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    0.2.3 • Public • Published

    gubb · 🍓 · GitHub license npm version Actions Status

    A very minimalistic Node.js test runner.


    Install the package with npm (or yarn)

    npm install gubb --save-dev

    Getting started

    Defining your tests

    To get started, add your first test file to the project. A test file is a javascript file, containing calls to test and assert. In this example, the file test.js is added to the root of the project.

    With ESM (recommended)

    Import the named exports of gubb like so:

    import { test, assert } from 'gubb';

    Then add your test cases.

    // test.js
    import { test, assert } from 'gubb';
    function myFunction() {
      return true;
    test('my first test', () => {
      const result = myFunction();
      assert('that it returns true', () => {
        return result === true;

    Running your tests

    To run your test, add a test entry to the scripts section of your package.json

      "name": "my-package",
      "version": "1.0.0",
      "type": "module",
      "scripts": {
        "test": "node test.js"
      "devDependencies": {
        "esm": "*"

    Now you can run your test suite on the command-line or in CI with

    npm test

    Node with --experimental-modules flag

    When using the native ES module loader from node, [named exports are not available for node<12](TODO: ADD LINK)

    import * as gubb from 'gubb';
    const { test, assert } = gubb.default;
    // Tests go here

    Node, legacy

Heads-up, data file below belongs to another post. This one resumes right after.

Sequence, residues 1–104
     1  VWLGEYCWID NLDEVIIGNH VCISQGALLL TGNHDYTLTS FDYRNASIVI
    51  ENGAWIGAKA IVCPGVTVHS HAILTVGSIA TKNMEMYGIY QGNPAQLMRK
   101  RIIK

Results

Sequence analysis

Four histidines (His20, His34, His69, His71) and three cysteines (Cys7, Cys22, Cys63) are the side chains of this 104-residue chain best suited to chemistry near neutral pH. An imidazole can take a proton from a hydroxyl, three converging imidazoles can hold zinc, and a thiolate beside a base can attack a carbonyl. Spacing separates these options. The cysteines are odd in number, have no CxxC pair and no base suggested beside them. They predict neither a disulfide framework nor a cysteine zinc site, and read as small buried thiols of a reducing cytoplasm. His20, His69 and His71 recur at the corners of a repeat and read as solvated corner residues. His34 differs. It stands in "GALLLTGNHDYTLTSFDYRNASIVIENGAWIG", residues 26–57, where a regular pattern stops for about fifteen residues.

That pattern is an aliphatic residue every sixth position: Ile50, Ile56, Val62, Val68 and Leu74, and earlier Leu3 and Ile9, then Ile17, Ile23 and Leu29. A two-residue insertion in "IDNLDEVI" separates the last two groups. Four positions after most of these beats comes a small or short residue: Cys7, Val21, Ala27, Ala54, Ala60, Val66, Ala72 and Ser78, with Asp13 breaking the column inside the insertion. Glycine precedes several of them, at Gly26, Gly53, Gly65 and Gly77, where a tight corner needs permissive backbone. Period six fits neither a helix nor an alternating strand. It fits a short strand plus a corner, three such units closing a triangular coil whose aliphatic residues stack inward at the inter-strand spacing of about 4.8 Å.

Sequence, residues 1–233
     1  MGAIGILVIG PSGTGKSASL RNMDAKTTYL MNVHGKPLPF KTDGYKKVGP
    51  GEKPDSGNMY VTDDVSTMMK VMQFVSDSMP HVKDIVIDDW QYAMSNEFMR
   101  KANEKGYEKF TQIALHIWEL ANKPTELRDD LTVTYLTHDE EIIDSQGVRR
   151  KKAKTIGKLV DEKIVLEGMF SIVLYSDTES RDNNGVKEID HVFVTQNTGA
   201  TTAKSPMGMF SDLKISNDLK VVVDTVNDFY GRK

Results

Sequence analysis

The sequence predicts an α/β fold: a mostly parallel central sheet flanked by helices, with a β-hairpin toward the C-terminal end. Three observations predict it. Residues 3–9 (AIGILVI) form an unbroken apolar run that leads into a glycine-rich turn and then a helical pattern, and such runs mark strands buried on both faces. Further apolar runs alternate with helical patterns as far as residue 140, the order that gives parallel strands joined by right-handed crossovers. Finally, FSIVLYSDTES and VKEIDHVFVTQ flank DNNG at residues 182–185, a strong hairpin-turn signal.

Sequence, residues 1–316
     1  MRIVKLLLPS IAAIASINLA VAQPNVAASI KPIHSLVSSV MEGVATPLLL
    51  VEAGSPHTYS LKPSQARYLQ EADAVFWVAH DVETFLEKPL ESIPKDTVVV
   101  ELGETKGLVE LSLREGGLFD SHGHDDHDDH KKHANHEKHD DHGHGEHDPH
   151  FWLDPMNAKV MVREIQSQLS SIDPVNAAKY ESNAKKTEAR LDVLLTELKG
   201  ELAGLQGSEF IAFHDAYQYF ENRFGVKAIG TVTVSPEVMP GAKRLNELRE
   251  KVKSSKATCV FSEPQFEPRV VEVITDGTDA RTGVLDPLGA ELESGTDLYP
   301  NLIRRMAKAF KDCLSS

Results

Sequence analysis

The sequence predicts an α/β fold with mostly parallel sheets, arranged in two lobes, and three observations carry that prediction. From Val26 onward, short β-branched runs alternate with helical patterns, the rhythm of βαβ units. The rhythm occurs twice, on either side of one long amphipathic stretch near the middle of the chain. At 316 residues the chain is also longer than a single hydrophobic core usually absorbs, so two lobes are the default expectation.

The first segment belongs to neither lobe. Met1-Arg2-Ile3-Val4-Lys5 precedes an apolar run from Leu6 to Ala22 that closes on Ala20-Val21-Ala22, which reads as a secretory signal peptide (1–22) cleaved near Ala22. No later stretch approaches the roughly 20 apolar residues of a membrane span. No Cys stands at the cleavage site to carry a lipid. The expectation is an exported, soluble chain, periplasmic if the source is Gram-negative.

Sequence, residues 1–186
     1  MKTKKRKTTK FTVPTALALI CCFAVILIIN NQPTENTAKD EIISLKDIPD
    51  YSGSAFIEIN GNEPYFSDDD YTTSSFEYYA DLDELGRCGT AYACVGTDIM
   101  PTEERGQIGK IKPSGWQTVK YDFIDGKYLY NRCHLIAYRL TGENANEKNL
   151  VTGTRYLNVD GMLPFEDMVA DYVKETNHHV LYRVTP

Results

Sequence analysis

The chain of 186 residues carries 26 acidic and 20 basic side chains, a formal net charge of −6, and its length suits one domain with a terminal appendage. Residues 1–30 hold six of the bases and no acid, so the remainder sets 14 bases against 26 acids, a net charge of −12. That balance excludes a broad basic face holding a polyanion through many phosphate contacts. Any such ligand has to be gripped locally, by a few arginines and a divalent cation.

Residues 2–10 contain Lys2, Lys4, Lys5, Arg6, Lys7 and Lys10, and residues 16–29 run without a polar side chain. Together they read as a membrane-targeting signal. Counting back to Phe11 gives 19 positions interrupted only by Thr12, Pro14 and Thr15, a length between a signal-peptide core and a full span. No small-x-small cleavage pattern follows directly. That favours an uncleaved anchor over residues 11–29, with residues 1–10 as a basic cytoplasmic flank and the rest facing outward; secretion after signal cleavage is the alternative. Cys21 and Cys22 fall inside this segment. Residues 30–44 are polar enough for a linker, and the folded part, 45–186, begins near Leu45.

const { test, assert } = require('gubb');
    // Tests go here


    gubb exports two functions: test and assert.


    -- The test function is used to group assertions into a test.

    Syntax: test(testName: String, testFunction: Function)


    test('myFunction', () => {
      // Assertions go here


    assert is used to make assertions.

    Syntax: assert(description: String, conditionFunction: Function)

    assert takes two parameters: a description and a condition function.


    test('isNotFriday', () => {
      assert(() => {
        const isFriday = new Date().getDay() === 5;
        return isFriday;

    The condition function is the function that tests your code. In here, you add logic that assures that your code runs properly. This function should return a boolean, whether the test passed. Alternatively, if the function throws an error, the test is considered failed. If you want to throw inside this function without failing the test, use a try/catch block.


    This project was bootstrapped with TSDX.

    Local Development

    Below is a list of commands you will probably find useful.

    npm start or yarn start

    Runs the project in development/watch mode. Your project will be rebuilt upon changes. TSDX has a special logger for you convenience. Error messages are pretty printed and formatted for compatibility VS Code's Problems tab.

    Your library will be rebuilt if you make edits.

    npm run build or yarn build

    Bundles the package to the dist folder. The package is optimized and bundled with Rollup into multiple formats (CommonJS, UMD, and ES Module).

    npm test or yarn test

    Runs the test watcher (Jest) in an interactive mode. By default, runs tests related to files changed since the last commit.

    Inspired by this tweet by @ryanflorence




    npm i gubb

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